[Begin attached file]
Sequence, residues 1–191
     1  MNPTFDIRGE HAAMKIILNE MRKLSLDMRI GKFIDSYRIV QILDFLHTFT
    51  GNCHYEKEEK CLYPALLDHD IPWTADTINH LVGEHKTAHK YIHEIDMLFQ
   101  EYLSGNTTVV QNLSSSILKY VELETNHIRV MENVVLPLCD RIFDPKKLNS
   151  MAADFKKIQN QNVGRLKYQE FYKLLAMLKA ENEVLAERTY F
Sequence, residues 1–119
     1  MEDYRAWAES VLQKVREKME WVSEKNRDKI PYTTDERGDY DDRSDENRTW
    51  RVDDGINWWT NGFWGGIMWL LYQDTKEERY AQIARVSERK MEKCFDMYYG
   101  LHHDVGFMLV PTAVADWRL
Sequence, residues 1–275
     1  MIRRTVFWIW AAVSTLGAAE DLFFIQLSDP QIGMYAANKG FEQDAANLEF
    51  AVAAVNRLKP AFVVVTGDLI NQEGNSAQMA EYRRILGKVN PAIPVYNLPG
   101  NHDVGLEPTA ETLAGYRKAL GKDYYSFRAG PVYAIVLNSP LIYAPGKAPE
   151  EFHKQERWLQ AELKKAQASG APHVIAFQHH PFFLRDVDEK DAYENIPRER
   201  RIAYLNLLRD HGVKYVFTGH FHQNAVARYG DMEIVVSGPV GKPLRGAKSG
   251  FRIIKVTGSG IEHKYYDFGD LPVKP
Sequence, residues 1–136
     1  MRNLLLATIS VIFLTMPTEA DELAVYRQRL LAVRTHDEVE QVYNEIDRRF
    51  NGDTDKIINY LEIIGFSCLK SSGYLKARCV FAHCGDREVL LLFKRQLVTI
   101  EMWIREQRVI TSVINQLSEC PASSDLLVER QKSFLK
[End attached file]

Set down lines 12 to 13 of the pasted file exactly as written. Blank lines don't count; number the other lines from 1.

    51  AVAAVNRLKP AFVVVTGDLI NQEGNSAQMA EYRRILGKVN PAIPVYNLPG
   101  NHDVGLEPTA ETLAGYRKAL GKDYYSFRAG PVYAIVLNSP LIYAPGKAPE